Newspaper Page Text
.;:2. ST. FRANCISVILLE, LA., MARHCH 16, 1878. NO. ,8
L Cltlinton i~ldnan.
L at Law,
Y . & COUNSELOR AT LA ,v,
21 in the Courts of East and
rruerzle¥ at CLaW,
1 aClinton, Louisiana.
S tice in the Courts of the 5th
S*.I. Ang.2'76.-- y
ttrne¥y at Law,
ctice in the Parishes of West
elicia. and Points Co11eune.
7 ATTORNEY AT LAW,
tice in the courts of Easnt and
CulSci and tile Supreme Court of
Atoeryr at LAw,
. Francisville. Louisiana.
ctice in thue Parlishcs of West
Feliciana, and Pointe Coupee.
RNEY AT LA N,
o the North side of the public
PLE JR. JOS. 1. (OILSAN.
ATTORNEYS AT LAW
St. IF'r:ancisville Ln.,
practice ill tlhe Collrts of W.est
sanlll P'ointo Conllpec.
CKLII.E. C. L.. I'ISHER
KLIFFE & FISIHIER,
Attorneys at L-tw.
St. Francisvillc, Ln.
practie in the Courts of WVest
_t Feliciana. Pointo Copee and11111
YSICIAN AND SURGEON,
aIyolu Sar/, Louisiaun,
DIr. E. Green Davis oflers
his er\vice.I( t he l"euple of
rt~his anld .tdjohining Parishes.
,Irladdri,,.I.4d to him. it his lresi
ill rec1.i v ', 1ron tlmjt at tllilt 1nin.
ITRIY! DENTIS'TRY !!
I will attCld Ic ll nilis on
the Co:lst, tfrole SN;tcthez to
TNeW Orl:ansln.; lso the Iack
wheIn 4lccaesIablhle. with Ia buggy.
4s wishinig llmy slrvic(s, can rI'o
4samne by addressillg mn,, at llmy
.D STOCKING, D. D. S.,
St. Franeisville., La
Sun Street, Bayou Sara, La.,
Goods, Groceries, Confections, To
Wines and Liquors.
r4er of Camp and Conaolo streets,
New OrIleans. lna.
MFORD & WATSON.
PROP t RIE T ORS .
RlD,-Two dollars and fifty
Bayou Sara, Louisiana,
LESALE AND RETAIL DEALER IN
eries Provisiusn, Western
45ce amid General Plan
BAYOU SARA. LA.
can be procured by the day, week
ath, and at reasonable rates. In
re as in the past, the table will
pplied with tho very best fare the
It affords. Elegant and well fur
romels. Accommodating servants
tly in attendance. Patronage so
and satisfaction guaranteed.
WARBER SHOP AND IHAIR
)Nite M. & A. Fischer, Front Levee
SSara, Lo uisiana. Sept. 1, '77
hI te $eintinl ofice,
St. Frat'etvar t La.
[At L. Vresinsky's old stand,]
Bayou Sara, La.,
'AHIOTNABLE BOOT & SHOE MAKER
Respectfully solicits a share of the pub
ie patronage and guarantees satisfaction
J OSEPH VACARO,
Cnrpenter and Undertaker,
Will give prompt attention to all busi
ness in his line in this andadjoiding Par
ishes* june 28 '76.-1
SWasT FLIxctIANA, Jnneo16, 1877.
To parties living in West Feliciana
who shall at any time desire my profes
slonal services I would respectfully an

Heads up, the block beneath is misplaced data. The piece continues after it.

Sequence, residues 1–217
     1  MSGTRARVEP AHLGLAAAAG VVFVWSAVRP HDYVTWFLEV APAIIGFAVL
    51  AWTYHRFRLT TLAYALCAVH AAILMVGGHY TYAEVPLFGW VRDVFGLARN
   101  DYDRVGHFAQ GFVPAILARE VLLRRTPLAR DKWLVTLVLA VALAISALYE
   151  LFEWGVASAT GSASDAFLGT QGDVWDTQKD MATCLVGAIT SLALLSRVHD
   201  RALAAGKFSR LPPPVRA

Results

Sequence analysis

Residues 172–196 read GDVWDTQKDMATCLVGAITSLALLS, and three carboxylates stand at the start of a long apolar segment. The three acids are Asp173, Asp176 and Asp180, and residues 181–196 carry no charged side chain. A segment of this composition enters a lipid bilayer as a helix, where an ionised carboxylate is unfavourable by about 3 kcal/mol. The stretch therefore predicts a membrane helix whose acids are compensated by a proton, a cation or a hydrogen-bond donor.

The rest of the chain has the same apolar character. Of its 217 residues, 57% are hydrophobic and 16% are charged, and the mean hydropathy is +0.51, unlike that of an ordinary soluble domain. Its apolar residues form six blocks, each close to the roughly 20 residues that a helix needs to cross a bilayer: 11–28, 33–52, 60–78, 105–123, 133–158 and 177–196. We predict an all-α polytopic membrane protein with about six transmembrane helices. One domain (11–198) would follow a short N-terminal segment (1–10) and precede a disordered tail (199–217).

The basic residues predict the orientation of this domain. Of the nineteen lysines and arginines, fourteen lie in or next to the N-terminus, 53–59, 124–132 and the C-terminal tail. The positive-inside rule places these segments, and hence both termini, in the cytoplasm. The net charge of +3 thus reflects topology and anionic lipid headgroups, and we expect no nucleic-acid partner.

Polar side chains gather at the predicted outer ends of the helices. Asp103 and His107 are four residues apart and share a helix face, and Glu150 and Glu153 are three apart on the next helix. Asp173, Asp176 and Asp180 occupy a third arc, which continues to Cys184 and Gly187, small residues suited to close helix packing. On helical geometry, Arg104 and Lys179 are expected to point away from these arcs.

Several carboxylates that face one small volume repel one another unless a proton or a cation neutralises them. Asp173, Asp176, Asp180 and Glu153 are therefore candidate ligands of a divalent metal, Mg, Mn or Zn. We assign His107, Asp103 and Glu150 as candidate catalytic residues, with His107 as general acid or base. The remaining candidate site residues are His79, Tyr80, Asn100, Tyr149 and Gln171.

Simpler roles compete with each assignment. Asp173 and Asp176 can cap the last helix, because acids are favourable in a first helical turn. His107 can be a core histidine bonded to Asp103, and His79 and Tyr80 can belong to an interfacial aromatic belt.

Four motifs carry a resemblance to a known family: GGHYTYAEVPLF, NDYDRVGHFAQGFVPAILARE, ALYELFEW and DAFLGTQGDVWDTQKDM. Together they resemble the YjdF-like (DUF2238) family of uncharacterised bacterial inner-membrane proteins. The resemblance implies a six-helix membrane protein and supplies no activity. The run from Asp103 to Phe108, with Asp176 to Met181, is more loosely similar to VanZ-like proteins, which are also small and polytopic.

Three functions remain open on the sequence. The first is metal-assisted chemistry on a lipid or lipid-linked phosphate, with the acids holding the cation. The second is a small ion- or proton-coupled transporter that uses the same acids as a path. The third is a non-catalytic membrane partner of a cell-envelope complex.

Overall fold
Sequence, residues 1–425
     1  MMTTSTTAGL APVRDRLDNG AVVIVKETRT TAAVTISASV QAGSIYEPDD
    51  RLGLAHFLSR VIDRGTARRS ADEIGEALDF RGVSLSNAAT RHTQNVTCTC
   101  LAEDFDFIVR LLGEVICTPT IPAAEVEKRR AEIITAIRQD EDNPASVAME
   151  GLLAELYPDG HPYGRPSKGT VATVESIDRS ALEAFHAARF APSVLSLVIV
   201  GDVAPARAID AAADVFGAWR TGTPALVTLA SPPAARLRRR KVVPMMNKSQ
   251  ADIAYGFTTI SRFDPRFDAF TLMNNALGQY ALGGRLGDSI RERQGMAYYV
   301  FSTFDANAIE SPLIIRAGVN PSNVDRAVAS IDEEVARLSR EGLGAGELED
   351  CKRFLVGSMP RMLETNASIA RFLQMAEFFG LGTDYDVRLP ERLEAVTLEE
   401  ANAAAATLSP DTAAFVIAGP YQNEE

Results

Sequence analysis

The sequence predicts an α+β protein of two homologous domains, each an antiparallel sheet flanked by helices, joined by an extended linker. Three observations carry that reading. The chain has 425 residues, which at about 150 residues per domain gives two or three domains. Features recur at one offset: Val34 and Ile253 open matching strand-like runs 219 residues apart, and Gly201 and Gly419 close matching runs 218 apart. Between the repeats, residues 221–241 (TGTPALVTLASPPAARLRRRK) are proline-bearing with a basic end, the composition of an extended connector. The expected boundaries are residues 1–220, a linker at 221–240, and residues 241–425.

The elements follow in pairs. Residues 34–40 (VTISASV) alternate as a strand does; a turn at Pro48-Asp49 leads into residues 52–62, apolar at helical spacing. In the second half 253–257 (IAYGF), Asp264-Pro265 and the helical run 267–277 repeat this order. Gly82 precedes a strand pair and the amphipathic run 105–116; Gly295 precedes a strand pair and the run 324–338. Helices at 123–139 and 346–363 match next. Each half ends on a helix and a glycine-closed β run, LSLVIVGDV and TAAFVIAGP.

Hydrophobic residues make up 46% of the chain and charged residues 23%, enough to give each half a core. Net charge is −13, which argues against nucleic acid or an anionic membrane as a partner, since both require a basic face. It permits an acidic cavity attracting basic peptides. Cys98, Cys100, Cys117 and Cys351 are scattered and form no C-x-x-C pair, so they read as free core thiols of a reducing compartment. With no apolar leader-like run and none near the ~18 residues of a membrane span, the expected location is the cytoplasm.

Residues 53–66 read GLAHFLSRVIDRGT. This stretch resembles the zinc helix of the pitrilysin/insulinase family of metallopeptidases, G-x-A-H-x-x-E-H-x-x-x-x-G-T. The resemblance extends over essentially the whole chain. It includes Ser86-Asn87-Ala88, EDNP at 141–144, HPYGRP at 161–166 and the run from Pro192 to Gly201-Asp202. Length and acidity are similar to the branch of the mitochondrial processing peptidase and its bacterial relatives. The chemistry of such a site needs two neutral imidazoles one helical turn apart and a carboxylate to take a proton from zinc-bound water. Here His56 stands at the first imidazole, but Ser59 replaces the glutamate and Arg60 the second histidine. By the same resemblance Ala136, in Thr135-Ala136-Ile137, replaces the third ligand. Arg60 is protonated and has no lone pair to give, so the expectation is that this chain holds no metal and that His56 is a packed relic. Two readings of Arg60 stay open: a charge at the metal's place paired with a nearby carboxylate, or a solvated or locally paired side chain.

nounce, that they have but to address
me at St. Cladde, Waterloo, in care of
Messrs. Edwin Vigue, or R. Pourciaux.
All calls from the citizens of this Par
ish so addressed will receive prompt at
tention and response.
P. G. A. KAUFMANN, M D..
pICARD & WEIL,
Bayou Sara, La.,
Wholesale and Retail Dealers an
?ANCY DRY GOOD-,
GROCERIE. AND PLANTATION SUP
'lHiighest market price paid for cot
T HE one stors building on the old
Slhiteman property, in Bayou $ar..,
ruitable for store house or cabins. Pnr
iaser to remove building within a lite
fled time. Can be hald at a bhlrgain.
Apply to E. W. WHITEMAN.
Magazine St., between Gravier and
GrEN. CiAs. Ei. SMEDES Pro.
In Olfre--Jus. R. Leake, W. S. Bell.
IR. M. Leake.
Termas Only 1[2 50 per Day!
The undersigned having lprclhased the
I,(ex.pired lease of Messrs. I. E. Rivers
& Co., in the above hotel, is now ill pos
Nsnsioii of the same, and hasl the pleasure
otlcaiioiineiug to his friends and the pnhll
lie that it will he kept open the entire
sullmer for regular aui transient guests
and day boarders on
I IRERAL Tj RM.S.
No pains or Oxpense will Ie spa:red to
inslre tlhe comfort of his guests.
TL'le hotel will be entirely renovated,
refited and refurtlished during the sum
CUIAS. E. SMEDES,
every townii in the
Sout'h forthe cel
S- " MACHINES..
The easiest learned, lightest running
most durable and popular machine madle
Received the highest award at the Cen
Special inducements offered. Address,
Weed Sewing Macehine Co.,
No. 162 Canal Street,
New Orleans, La.
Jane 1, '77.-lyear.
0T O. & BAYOU SARA U. S. MAIL
The superb passenger
J. J. rowwN.........................Master.
S. S. STECK.................. Clerk.
Leaves Bayou Sara for New Orleans
every Jiednesday after the arrival of the
cars from Woodville, andevery saturday.
at 7, p. inm. Returning, leaves New Or
leans every Monday alid Friday, at 5, p.m
AND THE STEAMER
Leaves Bayou Sara every Monday after
the arrival of the cars from .Voodville,
and every Thursday at 7 p. m. Return
ing, leaves New Orleans every Wednes
day and Saturday at 5 p. n.
JOHN F. IRiVINE, Agent
0ONRA D BOCK EL.
Sun Street, Bayou Snra, La.,
Dealer in Fancy and Staple Dry
Goods. Ladies' Dress goods,
White Goods, House keep
ers' Articles Clothin_,
Bats. Cars. Boots and